- Author: Kathy Keatley Garvey
Bee connected; save the date.
Now it's time for us to celebrate it.
It's a bee friendly garden where you can wander through Orchard Alley, waggle down Waggle Dance Way, hide out at the Honeycomb Hideout, ponder the Pollinator Patch, and snuggle up to the Nectar Nook.
The key goals of the garden are to provide bees with a year-around food source, to raise public awareness about the plight of honey bees, and to encourage visitors to plant bee-friendly gardens of their own.
The winning design is the work of a Sausalito team: landscape architects Donald Sibbett and Ann F. Baker, interpretative planner Jessica Brainard and exhibit designer Chika Kurotaki.
The team zeroed in on sustainability and visitor experience. A series of trails connect the gardens. Trellises define the entry ways and reinforce the passage to the next space.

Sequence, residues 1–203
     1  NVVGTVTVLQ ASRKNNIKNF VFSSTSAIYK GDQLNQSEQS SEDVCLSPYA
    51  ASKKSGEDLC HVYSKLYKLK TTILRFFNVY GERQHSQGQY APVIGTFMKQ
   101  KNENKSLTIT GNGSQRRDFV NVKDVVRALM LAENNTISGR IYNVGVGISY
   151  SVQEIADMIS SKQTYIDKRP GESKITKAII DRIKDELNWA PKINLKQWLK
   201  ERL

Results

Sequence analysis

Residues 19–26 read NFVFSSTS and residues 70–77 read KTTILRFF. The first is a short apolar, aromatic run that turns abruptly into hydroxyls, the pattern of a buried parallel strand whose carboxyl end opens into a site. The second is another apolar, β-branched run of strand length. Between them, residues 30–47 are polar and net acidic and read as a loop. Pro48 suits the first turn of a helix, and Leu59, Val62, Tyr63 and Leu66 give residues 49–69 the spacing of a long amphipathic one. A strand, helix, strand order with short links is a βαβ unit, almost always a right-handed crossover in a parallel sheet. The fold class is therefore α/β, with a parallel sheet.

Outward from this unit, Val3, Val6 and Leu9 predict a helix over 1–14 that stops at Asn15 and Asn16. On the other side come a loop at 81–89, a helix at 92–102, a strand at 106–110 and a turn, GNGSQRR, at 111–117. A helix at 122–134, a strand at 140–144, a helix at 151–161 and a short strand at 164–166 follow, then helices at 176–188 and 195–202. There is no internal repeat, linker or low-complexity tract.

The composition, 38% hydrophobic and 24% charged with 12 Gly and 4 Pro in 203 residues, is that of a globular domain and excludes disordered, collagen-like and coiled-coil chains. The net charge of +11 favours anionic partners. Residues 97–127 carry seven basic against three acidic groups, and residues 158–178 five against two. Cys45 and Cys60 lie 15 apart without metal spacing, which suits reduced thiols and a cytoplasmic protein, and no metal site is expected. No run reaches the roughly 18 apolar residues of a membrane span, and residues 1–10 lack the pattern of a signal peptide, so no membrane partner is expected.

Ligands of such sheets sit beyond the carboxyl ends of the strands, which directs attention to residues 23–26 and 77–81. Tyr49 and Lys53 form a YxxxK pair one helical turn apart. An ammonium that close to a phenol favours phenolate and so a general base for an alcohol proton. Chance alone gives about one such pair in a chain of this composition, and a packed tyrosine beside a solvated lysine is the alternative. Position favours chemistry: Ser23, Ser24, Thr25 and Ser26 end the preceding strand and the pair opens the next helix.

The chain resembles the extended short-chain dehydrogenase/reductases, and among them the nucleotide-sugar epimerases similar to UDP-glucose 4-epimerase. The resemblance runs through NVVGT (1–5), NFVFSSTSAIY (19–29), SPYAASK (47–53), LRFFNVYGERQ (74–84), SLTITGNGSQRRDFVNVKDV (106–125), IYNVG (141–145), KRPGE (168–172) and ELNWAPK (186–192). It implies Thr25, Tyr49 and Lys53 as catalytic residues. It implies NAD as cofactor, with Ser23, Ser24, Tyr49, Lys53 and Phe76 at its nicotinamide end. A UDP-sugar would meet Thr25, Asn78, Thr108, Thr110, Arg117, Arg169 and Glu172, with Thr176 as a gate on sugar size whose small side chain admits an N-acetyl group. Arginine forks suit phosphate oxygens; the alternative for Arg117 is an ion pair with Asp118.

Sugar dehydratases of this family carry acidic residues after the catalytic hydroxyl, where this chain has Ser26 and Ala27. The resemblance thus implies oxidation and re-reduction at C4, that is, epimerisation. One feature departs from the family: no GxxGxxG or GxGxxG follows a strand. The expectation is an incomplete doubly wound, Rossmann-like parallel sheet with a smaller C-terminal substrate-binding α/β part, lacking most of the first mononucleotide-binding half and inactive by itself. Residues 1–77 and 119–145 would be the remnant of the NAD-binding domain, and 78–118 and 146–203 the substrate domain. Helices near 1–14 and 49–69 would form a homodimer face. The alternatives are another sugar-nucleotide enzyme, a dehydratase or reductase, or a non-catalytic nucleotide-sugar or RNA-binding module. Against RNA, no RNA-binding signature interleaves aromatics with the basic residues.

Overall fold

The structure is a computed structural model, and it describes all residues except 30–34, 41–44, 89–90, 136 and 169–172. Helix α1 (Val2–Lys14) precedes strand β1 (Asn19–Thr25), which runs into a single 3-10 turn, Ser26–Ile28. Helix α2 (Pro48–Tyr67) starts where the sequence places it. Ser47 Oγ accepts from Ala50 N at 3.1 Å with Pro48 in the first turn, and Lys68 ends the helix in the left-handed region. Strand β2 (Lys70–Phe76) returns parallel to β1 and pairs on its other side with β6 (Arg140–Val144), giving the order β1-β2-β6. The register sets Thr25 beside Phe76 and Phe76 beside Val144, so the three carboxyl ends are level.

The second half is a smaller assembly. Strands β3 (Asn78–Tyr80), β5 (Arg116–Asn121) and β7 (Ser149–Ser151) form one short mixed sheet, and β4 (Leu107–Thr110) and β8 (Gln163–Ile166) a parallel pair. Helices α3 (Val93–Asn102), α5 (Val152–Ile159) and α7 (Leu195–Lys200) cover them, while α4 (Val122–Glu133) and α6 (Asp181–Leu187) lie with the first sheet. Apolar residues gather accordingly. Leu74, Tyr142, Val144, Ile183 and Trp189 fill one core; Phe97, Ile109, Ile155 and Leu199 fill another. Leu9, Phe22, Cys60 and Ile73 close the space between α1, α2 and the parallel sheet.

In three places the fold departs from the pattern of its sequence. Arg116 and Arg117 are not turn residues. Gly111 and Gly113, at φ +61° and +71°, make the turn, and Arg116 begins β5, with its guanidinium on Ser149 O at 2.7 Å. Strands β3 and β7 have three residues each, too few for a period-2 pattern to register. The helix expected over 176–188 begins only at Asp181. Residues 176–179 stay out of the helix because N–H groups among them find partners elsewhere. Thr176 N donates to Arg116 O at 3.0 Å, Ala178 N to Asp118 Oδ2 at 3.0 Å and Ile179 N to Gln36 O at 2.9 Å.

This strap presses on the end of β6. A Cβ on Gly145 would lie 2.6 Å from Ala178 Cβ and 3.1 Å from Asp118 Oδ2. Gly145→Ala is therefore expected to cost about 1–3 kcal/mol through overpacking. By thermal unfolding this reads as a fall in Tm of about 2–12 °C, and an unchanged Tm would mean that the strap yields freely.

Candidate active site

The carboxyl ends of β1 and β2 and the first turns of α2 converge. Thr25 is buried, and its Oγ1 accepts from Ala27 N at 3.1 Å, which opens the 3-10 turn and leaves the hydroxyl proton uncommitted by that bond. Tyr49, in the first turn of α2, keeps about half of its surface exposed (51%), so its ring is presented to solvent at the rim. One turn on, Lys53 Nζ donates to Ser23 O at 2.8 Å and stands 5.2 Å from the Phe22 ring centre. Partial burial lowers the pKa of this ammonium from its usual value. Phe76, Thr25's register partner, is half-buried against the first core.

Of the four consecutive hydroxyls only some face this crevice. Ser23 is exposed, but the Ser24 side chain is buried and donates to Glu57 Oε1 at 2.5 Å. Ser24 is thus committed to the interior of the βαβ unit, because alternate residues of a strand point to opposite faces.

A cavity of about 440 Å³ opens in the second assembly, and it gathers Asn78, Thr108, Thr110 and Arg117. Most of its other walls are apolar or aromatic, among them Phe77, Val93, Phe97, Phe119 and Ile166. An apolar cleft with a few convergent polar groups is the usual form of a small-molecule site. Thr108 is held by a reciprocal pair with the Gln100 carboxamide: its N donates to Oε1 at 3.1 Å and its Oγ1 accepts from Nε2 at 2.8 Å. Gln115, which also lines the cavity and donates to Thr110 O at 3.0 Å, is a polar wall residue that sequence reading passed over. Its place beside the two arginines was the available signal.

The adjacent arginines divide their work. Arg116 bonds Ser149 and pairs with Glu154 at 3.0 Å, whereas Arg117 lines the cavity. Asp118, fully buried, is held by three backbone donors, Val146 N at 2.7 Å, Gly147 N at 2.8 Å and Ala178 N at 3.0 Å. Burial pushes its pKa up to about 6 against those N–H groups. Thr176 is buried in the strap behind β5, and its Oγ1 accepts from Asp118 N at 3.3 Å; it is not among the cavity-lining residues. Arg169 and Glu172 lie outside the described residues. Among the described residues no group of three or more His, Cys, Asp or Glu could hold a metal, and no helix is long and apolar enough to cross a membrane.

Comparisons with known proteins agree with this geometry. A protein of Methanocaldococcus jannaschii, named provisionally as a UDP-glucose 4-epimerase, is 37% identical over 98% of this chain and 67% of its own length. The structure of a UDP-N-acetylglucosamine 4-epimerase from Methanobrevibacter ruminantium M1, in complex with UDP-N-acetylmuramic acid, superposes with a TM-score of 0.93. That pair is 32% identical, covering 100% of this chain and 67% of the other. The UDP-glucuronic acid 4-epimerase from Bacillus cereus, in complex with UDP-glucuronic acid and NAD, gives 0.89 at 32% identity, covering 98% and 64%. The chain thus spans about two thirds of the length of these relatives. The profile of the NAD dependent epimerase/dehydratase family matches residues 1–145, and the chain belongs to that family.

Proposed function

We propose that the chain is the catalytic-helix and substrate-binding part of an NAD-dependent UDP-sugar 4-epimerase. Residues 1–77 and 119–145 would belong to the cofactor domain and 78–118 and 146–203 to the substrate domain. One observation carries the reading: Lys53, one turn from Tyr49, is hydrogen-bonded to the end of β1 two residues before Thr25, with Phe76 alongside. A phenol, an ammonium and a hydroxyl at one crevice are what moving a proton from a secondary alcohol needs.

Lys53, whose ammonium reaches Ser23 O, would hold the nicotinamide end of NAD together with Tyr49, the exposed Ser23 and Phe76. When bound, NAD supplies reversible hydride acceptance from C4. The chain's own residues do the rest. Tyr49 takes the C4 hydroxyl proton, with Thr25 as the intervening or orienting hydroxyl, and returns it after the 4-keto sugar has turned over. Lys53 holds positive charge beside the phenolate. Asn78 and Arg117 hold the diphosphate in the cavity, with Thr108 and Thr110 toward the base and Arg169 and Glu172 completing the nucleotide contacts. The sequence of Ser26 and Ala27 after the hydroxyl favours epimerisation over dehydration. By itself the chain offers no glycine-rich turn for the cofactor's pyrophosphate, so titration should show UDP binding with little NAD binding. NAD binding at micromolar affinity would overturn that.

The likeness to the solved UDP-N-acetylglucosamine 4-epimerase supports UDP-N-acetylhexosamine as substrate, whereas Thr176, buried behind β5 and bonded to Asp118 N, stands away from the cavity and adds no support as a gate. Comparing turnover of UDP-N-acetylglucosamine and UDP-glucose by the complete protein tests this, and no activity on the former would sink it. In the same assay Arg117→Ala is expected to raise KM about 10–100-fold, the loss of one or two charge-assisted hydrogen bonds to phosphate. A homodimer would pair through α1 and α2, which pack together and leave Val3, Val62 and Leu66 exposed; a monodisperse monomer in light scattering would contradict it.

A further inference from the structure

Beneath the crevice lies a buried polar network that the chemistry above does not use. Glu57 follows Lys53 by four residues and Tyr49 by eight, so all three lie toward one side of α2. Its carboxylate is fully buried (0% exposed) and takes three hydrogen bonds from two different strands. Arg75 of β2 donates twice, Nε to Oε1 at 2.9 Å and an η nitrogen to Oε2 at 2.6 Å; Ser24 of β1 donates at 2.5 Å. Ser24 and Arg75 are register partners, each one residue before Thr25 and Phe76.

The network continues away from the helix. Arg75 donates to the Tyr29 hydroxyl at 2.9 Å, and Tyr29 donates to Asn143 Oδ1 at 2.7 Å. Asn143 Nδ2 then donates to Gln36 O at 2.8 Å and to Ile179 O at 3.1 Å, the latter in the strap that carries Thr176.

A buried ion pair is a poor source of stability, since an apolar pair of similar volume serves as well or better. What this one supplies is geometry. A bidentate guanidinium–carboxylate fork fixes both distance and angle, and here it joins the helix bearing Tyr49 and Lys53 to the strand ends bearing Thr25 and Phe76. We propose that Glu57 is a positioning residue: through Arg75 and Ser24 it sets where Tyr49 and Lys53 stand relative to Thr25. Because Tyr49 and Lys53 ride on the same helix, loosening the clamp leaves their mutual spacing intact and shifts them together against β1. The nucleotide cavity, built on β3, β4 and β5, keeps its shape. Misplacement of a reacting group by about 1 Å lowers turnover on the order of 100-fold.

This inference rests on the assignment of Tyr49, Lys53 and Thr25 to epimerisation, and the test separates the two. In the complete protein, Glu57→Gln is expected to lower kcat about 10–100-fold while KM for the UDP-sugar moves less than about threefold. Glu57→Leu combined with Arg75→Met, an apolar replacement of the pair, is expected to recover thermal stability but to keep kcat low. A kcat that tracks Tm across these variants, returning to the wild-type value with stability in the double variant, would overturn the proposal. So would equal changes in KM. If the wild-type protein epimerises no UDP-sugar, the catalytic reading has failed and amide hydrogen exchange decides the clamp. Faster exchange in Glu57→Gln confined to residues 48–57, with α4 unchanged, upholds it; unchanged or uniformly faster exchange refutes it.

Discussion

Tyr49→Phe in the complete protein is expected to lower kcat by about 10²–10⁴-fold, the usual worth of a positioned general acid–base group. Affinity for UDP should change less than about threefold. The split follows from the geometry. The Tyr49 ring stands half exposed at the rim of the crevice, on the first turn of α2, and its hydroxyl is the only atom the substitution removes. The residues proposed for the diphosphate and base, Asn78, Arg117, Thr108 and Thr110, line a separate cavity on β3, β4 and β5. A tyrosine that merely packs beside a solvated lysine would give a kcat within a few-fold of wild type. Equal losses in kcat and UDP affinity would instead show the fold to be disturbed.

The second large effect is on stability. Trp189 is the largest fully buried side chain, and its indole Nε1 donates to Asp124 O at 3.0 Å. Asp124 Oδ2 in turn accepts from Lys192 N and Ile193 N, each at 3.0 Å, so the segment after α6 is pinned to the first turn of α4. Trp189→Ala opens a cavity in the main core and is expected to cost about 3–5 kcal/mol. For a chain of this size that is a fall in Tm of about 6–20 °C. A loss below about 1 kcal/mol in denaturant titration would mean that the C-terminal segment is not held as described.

Identification labels will help visitors know more about the plants, or what they can plant in their own yards. Some of the plants there are salvia (sage), ceanothus, bush germander, seaside daisy, Santa Barbara daisy and tower of jewels.
Then there are almond, apple and persimmon trees, strawberries, blackberries, blueberries, dill, basil, artichokes and eggplant. (Bees pollinate one-third of the food we eat.)
Yet to come: the amazing art work created by UC Davis Art/Science Fusion Program classes, taught by entomologist/artist Diane Ullman and artist Donna Billick. A two-column hive sculpture will grace the front entrance. Billick is creating a gigantic bee sculpture to be placed on a hexagonal platform beneath an almond tree.
The design is online. The grand opening is in the design stage.
This is sure to bee-come a campus destination.